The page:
Thursday, 21 May 2020

The Tender Bar

Finished May 15
The Tender Bar: a Memoir by J.R. Moehringer

This is a captivating book of a boy turning into a man. JR spent most of his growing up years in Manhasset, New York on Long Island. His mother moved back into his grandparents' home when he was very young escaping domestic abuse. She struggled to move out, and finally followed a sister out to Arizona and made a life for herself and JR there. She sent him back to New York every summer though.
His mother's brother, his Uncle Charlie worked in a nearby bar, and took JR under his wing, taking him on outings to the beach, to baseball games, and other excursions along with Charlie's friends, many of whom also worked in the bar. JR grew up listening to these men's stories and watching them and trying to be someone they liked.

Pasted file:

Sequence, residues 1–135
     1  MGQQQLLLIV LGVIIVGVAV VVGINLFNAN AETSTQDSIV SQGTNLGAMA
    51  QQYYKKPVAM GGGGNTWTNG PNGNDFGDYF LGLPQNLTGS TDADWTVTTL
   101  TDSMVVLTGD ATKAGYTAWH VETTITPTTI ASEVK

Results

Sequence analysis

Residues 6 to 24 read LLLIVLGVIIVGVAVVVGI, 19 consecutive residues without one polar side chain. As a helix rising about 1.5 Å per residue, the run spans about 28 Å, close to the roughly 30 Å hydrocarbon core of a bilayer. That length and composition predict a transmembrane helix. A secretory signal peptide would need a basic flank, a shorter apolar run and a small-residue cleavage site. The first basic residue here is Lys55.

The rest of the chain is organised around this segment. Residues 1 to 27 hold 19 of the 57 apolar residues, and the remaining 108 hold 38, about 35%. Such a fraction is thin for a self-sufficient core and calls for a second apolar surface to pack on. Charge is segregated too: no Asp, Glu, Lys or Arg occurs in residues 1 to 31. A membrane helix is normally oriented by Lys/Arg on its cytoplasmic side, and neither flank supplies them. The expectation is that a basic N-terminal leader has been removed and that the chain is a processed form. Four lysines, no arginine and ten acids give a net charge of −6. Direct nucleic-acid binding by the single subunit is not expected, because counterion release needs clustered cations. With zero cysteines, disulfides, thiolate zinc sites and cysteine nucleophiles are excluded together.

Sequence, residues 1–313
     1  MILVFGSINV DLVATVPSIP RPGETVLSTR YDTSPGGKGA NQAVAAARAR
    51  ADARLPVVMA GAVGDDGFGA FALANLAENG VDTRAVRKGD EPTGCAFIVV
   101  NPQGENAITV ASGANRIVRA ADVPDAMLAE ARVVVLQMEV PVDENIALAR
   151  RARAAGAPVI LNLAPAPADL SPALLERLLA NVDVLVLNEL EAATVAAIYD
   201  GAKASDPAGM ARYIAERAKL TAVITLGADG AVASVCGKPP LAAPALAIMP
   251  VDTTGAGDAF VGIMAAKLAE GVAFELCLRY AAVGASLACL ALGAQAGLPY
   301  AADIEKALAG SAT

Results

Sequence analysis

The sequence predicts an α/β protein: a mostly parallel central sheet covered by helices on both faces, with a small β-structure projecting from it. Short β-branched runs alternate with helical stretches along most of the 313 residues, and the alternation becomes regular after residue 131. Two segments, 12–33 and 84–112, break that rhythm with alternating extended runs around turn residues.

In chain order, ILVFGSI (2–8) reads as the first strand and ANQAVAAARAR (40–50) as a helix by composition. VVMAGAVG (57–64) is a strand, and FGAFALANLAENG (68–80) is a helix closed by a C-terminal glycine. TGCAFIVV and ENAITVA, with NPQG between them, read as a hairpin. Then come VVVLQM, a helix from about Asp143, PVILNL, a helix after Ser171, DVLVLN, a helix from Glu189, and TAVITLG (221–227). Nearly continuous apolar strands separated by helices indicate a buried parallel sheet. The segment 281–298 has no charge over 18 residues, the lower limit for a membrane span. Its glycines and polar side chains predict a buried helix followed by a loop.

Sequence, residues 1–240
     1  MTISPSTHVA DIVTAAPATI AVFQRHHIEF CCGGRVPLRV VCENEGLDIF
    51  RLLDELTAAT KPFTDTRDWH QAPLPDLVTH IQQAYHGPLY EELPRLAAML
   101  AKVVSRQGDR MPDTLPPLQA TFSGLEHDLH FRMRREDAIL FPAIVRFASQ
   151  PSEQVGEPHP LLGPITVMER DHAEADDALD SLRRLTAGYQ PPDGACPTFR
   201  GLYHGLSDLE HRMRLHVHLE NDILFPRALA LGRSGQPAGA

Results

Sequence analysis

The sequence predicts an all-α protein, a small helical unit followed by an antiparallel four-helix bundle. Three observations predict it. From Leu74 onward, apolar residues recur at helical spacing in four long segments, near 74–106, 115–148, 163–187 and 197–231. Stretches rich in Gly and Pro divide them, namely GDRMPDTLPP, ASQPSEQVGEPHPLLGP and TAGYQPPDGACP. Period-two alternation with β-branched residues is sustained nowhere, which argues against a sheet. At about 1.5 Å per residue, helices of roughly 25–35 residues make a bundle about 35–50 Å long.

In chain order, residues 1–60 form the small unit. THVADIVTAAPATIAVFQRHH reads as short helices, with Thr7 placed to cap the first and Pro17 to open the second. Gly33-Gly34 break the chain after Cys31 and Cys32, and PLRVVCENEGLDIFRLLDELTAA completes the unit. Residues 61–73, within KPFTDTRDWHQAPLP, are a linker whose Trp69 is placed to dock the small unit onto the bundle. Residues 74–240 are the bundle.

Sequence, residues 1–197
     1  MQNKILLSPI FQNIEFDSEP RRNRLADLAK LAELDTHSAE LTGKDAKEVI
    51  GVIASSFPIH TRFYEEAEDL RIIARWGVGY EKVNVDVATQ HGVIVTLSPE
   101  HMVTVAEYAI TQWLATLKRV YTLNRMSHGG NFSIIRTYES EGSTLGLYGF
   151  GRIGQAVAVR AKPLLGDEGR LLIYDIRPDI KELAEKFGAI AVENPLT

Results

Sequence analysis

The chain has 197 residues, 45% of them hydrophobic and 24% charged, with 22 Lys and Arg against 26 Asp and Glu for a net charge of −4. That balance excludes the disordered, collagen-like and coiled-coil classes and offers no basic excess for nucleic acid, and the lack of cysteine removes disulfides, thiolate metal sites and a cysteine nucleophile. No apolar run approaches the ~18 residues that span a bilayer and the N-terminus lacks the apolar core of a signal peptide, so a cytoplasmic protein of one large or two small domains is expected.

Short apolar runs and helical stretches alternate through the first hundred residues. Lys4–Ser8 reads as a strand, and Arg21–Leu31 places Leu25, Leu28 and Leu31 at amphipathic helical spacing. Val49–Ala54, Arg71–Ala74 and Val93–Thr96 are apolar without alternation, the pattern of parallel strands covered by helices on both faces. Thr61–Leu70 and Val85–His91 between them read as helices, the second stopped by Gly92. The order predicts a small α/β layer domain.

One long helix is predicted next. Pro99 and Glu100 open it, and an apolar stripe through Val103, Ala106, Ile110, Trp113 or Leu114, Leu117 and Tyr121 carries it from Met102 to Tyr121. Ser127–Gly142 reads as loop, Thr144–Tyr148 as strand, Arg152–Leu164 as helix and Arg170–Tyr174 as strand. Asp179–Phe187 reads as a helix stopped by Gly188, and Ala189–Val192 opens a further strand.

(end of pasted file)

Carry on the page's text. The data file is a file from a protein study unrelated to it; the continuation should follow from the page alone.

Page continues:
Once he got to be drinking age, he had his first drink in the bar, and it became even more central in his life.
I loved the characters here, the various idiosyncrasies that each one has and how JR makes them come alive. Colt, with his voice like Yogi Bear's. Joey D, large, manic, and his way of talking into his breast pocket. Bobo, a handsome blond with a lovable black mutt of a dog. Their boss, Steve, who owned the bar and gave everyone nicknames that stuck whether they liked them or not. Fuckembabe, the porter, whose speech was almost unintelligible except for that one line. Bob the Cop with his seriousness.